To share social warmth with needy families in the winter, Dharma Drum Mountain Social Welfare and Charity Fountain organized the end-of-year care event at Dharma Drum Mountain World Center for Buddhist Education at 9:30 a.m. on December 17, with around 400 local residents from Jinshan, Wanli, and Keelung participating. Apart from charity materials and gift money, the Praying for Blessings and Spiritual Feast activities also created a heartwarming atmosphere.
With firm strides expressing gratitude to the past and with renewed outlook to the future, tens of thousands of devotees participated in the Sending off the Sages ritual, either on-line or at the altars on Dharma Drum Mountain, at 2 p.m. on December 3, 2016, marking the completion of the eight-day Great Compassion Water and Land Dharma Service. During the Dharma talk session, Abbot President Ven. Guo Dong announced DDM’s 2017 annual topic—“Bring Blessings and Wisdom Home”—to urge people to maintain the great compassion of awakening the self and others in family and daily life, thereby benefitting the self and others. By developing selfless wisdom, equal compassion, endless thankfulness, and unlimited dedication, we will be able to enjoy peace of mind, peace of body, peace of family, and peace of daily activities.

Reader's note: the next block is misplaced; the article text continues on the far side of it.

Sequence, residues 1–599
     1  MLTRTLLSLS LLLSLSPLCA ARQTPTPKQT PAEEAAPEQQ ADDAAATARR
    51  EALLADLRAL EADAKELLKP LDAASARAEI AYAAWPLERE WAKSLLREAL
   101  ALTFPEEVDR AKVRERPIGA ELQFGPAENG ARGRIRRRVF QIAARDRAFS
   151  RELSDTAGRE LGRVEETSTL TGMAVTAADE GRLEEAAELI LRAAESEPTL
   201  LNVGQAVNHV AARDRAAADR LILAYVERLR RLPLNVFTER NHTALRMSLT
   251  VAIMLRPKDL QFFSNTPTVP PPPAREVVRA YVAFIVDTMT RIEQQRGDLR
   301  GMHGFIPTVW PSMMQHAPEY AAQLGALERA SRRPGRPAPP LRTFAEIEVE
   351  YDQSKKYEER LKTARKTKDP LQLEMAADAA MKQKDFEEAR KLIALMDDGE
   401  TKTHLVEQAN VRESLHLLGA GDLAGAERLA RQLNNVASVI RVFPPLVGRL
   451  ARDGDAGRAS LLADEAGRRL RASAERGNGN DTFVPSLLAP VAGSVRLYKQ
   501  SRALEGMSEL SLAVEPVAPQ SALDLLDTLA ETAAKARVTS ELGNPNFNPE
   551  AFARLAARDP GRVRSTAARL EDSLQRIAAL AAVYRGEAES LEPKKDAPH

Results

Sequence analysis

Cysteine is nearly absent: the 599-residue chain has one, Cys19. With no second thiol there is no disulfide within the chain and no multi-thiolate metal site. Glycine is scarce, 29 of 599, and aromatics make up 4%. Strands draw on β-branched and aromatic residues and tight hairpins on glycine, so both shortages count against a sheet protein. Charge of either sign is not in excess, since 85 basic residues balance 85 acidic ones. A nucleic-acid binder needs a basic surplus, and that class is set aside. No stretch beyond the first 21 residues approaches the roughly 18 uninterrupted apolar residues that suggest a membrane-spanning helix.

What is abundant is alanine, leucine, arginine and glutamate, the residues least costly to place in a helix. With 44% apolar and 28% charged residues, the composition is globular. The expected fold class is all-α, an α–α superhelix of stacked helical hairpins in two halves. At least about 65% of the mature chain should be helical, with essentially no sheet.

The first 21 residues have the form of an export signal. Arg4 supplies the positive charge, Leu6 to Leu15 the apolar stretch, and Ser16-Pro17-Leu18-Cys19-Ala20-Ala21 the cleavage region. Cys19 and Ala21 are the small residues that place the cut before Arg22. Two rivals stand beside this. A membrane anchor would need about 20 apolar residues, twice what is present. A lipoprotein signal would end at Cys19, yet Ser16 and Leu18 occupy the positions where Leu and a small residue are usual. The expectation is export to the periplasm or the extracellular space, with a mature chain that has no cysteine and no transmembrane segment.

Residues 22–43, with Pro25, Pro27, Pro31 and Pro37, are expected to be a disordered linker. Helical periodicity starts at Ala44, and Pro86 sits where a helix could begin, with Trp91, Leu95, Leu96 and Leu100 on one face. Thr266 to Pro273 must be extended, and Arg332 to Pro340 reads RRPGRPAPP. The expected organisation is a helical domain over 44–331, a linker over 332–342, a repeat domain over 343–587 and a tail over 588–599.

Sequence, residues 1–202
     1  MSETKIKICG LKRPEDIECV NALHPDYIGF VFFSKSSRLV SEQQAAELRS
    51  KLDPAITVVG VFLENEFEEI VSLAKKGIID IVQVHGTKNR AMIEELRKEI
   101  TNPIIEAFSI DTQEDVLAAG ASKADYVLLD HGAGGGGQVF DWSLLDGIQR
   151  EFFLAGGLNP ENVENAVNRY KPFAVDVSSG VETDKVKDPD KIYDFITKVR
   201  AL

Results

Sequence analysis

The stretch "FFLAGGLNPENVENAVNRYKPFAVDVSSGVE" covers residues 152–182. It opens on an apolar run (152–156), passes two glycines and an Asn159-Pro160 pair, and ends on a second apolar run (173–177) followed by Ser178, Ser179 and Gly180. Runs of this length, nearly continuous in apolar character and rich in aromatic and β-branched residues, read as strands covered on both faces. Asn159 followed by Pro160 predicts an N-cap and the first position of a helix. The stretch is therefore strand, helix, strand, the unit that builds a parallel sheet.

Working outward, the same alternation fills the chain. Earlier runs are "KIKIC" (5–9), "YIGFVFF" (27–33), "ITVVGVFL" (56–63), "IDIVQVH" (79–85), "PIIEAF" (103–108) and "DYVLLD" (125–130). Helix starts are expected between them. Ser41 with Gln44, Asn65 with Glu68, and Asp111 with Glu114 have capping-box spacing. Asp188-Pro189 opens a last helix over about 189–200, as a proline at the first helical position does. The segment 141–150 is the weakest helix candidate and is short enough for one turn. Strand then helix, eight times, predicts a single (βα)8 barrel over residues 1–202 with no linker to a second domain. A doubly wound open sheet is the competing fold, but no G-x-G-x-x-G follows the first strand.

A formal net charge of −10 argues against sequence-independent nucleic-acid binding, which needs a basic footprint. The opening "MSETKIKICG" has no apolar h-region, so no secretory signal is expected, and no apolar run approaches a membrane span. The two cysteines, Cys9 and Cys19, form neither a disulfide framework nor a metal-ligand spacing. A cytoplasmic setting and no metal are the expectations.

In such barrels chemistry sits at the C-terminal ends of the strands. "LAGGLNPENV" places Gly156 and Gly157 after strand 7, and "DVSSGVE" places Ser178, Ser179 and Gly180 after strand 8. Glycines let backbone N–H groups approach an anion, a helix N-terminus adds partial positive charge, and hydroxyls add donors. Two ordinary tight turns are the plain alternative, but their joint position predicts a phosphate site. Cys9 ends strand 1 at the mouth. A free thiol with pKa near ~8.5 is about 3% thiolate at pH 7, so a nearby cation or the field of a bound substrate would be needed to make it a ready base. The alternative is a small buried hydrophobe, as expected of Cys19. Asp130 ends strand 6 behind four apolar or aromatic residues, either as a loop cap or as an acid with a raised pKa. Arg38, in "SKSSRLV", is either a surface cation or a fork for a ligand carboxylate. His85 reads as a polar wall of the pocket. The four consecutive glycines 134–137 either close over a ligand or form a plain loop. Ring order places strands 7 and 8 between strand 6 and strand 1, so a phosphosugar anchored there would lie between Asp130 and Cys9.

“Cohere Love with Hope,” the “Community Empowerment Forum” was held by the Master Program of Community Empowerment of the Dharma Drum Institute of Liberal Arts (DILA) at DILA’s International Conference Hall on November 25, 2016. With blessings from New Taipe City mayor Eric Chu, DDM Abbot President Venerable Guo Dong, DDM Community University President Tseng Chi-Chun, as well as Chang Chang-Pang, President of the DDM General Association of Dharma Supporters, the Forum included eight leaders of long-term research and devotion to community involvement, such as Venerable Huimin and Stanley Yen, to share their viewpoints.